Maddox has built Silencer Central’s entire business model around helping customers understand and navigate the ATF’s regulation of suppressors, and he was certain no law had changed. So how had the agency slashed wait times without cutting a single requirement? As Maddox put it, it was almost like “they’d outsourced this to aliens.” The reality is much more mundane: The ATF reduced paperwork and now sends background checks to the FBI in batches. Interestingly, the current slump in firearms sales has also helped approval times.

ATF’s Suppressor Processing Times, Then and Now

Boxes of Banish 30 suppressors.
Boxes of Silencer Central’s Banish 30 cans, on the company’s warehouse shelves in June.

Photo by Natalie Krebs

While the ATF has fielded complaints for years over maddening wait times, the agency has been relatively quiet about its recently streamlined process. Instead of issuing a press release or detailed information on the new timeline, the ATF held a webinar in March for industry stakeholders. The ATF called faster approvals the “new normal” and described the creation of four “swim lanes” to expedite applications. According to the American Suppressor Association, those are:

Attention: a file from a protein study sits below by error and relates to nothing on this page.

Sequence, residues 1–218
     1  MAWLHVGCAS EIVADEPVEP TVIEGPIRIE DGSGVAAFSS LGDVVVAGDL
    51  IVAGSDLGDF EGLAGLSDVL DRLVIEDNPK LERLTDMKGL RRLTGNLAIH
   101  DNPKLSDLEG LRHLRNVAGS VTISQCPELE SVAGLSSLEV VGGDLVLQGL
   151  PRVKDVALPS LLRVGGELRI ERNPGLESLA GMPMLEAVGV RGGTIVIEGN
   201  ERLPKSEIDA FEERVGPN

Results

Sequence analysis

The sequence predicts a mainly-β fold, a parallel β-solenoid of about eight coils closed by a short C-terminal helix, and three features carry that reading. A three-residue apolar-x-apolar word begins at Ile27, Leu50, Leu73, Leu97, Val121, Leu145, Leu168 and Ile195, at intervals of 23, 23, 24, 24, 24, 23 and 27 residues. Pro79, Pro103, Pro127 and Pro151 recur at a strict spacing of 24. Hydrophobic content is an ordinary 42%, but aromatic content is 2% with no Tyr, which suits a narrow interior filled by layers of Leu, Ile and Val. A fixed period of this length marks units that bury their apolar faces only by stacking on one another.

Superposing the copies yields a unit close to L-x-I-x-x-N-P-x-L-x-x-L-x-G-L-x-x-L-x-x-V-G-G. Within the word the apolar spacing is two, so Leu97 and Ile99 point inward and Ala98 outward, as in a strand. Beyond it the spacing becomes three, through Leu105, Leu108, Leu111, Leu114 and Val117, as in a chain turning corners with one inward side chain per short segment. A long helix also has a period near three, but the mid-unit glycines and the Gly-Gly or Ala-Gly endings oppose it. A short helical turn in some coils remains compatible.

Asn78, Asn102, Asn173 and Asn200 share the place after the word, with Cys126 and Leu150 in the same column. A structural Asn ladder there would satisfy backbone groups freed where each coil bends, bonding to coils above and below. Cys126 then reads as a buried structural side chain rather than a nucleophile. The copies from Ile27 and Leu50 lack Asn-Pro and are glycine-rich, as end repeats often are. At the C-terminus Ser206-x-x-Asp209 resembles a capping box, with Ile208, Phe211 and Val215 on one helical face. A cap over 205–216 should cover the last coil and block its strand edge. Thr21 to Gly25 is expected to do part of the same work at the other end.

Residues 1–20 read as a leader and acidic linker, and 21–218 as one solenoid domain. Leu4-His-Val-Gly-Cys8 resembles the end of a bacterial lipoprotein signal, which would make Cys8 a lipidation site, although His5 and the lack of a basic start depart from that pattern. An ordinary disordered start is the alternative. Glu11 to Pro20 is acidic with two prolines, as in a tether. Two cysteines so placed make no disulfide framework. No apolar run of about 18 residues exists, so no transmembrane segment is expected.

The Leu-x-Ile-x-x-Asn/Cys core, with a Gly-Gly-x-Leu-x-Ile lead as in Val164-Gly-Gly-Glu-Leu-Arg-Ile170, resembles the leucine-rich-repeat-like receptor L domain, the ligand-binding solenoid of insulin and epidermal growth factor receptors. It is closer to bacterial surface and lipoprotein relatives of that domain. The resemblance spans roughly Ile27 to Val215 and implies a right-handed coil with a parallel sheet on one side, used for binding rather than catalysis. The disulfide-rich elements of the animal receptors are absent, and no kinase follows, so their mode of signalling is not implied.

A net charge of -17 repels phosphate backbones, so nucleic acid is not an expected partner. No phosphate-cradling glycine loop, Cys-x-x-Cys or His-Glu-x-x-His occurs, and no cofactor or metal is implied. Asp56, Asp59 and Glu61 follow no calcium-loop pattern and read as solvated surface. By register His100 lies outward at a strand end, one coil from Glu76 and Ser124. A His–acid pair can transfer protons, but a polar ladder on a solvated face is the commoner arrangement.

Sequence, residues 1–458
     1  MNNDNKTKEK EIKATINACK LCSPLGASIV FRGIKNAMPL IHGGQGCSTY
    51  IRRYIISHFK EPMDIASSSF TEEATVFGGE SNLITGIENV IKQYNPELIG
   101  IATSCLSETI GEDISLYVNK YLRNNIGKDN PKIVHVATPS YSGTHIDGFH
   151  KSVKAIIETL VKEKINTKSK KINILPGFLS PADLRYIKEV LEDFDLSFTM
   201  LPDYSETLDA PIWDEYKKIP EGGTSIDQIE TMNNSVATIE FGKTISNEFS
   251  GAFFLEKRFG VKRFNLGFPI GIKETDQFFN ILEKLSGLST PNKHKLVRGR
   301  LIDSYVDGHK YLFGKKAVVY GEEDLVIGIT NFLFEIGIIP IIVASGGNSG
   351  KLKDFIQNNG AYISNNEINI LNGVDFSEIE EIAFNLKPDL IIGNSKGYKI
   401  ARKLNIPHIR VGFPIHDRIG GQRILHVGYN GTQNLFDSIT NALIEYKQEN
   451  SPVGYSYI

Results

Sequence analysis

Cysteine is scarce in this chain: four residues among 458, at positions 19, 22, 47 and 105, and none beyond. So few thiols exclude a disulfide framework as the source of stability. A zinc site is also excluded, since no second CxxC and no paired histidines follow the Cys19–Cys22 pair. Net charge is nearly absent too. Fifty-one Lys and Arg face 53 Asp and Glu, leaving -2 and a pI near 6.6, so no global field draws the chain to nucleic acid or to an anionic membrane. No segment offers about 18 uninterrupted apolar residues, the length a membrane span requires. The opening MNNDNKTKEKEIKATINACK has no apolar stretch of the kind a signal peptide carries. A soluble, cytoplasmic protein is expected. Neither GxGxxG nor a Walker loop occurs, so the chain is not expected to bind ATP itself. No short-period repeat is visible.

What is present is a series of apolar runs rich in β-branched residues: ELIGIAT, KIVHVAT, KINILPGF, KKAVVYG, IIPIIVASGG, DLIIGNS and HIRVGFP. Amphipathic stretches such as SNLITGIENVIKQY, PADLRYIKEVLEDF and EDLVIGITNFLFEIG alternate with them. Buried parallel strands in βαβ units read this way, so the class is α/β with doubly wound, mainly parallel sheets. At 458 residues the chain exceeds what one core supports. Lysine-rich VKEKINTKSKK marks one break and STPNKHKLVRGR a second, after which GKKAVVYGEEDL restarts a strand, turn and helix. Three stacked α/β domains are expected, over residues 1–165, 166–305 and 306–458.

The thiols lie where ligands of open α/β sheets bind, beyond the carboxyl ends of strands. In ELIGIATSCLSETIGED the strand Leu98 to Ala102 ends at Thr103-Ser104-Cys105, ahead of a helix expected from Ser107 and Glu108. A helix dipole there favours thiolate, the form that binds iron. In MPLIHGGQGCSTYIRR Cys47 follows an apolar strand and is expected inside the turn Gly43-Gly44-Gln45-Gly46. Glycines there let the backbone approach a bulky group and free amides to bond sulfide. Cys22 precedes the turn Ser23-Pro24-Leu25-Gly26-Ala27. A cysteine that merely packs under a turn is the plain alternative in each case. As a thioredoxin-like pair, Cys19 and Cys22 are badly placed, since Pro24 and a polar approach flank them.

• Individual applications
  • Bundled individual applications
  • NFA trust applications
  • Bundled NFA trust applications

Bundling simply means combining multiple applications for multiple suppressors into a single FBI NICS background check. But the real credit, Maddox says, goes to a lawyer by the name of Ben Hiller who recently became the ATF’s acting NFA Division chief. To understand the backlog in Form 4 approvals, Maddox says, Hiller waded into the paperwork with the goal of identifying problems in the process.

“He assigned a hundred forms to himself just to work through it. What he found was 80 percent of the work his people were doing was duplicative and unnecessary.”

Read Next: The Best Rifles of 2024, Tested and Reviewed

Duplicated data verification, Maddox says, was a relic of when many suppressor applications were processed via paper instead of electronically. Now, the ATF’s computer systems can handle the applicant data verification. (According to the ASA, about 96 percent of all NFA applications are now submitted electronically.) To be clear, the same legal requirements to obtain a suppressor remain in place; it’s just taking the ATF less time to process those applications.